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Market Report: Power Tools

Damage limitation

Phil Mist tests Husqvarna’s OilGuard system, developed for its K750 disc cutter and designed to eliminate the risk of damage caused by incorrect fuelling.

It is a simple fact that all disc cutters have two-cycle engines. There is, of course, nothing intrinsically wrong with such power units, being every bit as efficient in many ways as four-cycle engines. They rev well, and have an excellent power to weight ratio. However, the apparently simple task of having to mix petrol and oil in the correct ratio can be a step too far for many untrained construction workers. Virtually everyone in the tool and equipment hire industry knows of instances where two-cycle equipment has been returned with either pure petrol or, worst of all, diesel, in the fuel tank. The consequent damage can be severe and is expensive to repair. Also, whilst the absence of oil in the fuel is obviously damaging, so is an incorrect mixture. Too much oil and the engine will falter, too little and the engine will usually overheat or, even, fail, especially when under heavy load.

In an attempt to eliminate such problems, Husqvarna has introduced the OilGuard system, available as an option on its popular K750 300mm-diameter disc cutter. Incorporating a special optical sensor,
it is designed to ensure that the machine will run at full throttle only when fuelled with the correct oil and petrol mixture, and then only if the special OilGuard lubricant, available from the manufacturer,
is used. Whilst a significant number of two-cycle outboard engines have for many years been equipped with an oil injection system to prevent their use if only pure petrol is in their fuel tanks, there has been no such development in the disc cutter market. Even OilGuard cannot stop operators putting an incorrect mixture into the tank. However, it does prevent the engine from revving at full throttle if no oil is present in the fuel.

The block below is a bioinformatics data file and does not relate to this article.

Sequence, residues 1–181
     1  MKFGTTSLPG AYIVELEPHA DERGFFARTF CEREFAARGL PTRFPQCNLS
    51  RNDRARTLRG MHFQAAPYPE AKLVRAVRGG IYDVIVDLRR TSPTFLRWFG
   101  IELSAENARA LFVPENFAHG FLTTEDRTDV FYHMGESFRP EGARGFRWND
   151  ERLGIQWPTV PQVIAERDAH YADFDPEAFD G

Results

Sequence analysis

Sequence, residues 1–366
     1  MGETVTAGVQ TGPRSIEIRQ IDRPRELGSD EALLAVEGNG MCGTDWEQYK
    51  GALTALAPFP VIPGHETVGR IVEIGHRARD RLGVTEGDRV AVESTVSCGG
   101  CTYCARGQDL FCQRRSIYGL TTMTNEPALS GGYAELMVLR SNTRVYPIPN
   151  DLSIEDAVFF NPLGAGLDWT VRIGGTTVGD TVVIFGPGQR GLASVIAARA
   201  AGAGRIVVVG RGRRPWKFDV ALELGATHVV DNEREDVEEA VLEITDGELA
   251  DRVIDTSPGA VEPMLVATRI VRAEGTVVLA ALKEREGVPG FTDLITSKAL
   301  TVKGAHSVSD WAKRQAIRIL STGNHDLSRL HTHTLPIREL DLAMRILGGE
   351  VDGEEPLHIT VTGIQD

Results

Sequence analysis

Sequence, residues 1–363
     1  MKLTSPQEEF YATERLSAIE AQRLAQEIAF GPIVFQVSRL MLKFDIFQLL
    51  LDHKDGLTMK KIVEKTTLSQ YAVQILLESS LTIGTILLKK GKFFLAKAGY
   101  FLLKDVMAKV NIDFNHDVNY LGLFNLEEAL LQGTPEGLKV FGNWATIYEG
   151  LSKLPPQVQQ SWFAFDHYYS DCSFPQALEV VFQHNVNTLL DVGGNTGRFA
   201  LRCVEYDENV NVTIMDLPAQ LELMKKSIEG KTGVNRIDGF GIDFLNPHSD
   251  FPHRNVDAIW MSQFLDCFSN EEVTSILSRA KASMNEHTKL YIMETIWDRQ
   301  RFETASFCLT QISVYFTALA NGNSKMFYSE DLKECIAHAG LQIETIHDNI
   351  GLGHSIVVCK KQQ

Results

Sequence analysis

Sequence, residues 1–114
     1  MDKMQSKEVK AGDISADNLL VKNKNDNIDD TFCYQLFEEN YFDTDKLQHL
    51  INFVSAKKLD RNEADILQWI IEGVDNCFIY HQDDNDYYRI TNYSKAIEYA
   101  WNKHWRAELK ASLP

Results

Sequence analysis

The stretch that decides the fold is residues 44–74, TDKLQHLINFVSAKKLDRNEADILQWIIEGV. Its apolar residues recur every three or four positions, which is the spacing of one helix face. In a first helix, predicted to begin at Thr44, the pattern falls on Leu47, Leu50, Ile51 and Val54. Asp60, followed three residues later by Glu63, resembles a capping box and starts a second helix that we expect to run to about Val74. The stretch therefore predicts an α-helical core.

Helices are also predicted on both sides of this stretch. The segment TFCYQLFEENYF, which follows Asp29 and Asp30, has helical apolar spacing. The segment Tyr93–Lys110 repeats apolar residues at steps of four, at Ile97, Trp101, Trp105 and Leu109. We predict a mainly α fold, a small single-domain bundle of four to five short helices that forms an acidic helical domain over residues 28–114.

A blue box inside the engine of an OilGuard machine incorporates a light emitting diode (LED), which monitors the colour of the fuel fed to the engine. A yellow dye in the lubricant acts as a colour filter, blocking blue light and, in turn, preventing a photo-transistor from activating an electronic circuit breaker. If the system does not detect the pigment, then the circuit breaker connects to ground and limits the engine speed to only 3,800 rpm.

When filled with pure petrol, the test machine happily revved for a few seconds but then slowed down just as the manufacturer claims. Despite my best efforts, I could not get the machine to rev again until I had added the proper oil to the fuel. I then tried mixing non-OilGuard lubricant in the correct ratio with petrol, with similar results: plenty of revs to begin with, soon to be replaced by an idle-only speed. Finally, with both the correct fuel/oil mix and OilGuard oil, the machine worked perfectly.

Husqvarna claims that, even if pure fuel is used, there is little likelihood of engine damage because the OilGuard system cuts in before major problems can occur through lack of oil.

In certain circumstances, the OilGuard equipped system can be overridden, by replacing the blue activation plug, which is positioned by the stop switch, with an orange ‘blind’ plug. However, this should only be carried out by a qualified fitter, and if the engine is damaged as a result, it could result in the invalidation of the manufacturer’s product warranty. This alteration should obviously only be done if the special oil is for some reason temporarily unobtainable, and afterwards the machine can only be re-set for normal OilGuard operation by an authorised service agent.

T 0870 850 1394
W www.husqvarnacp.com

Executive Hire NewsArchivesJuly 2008Market Report › Damage limitation

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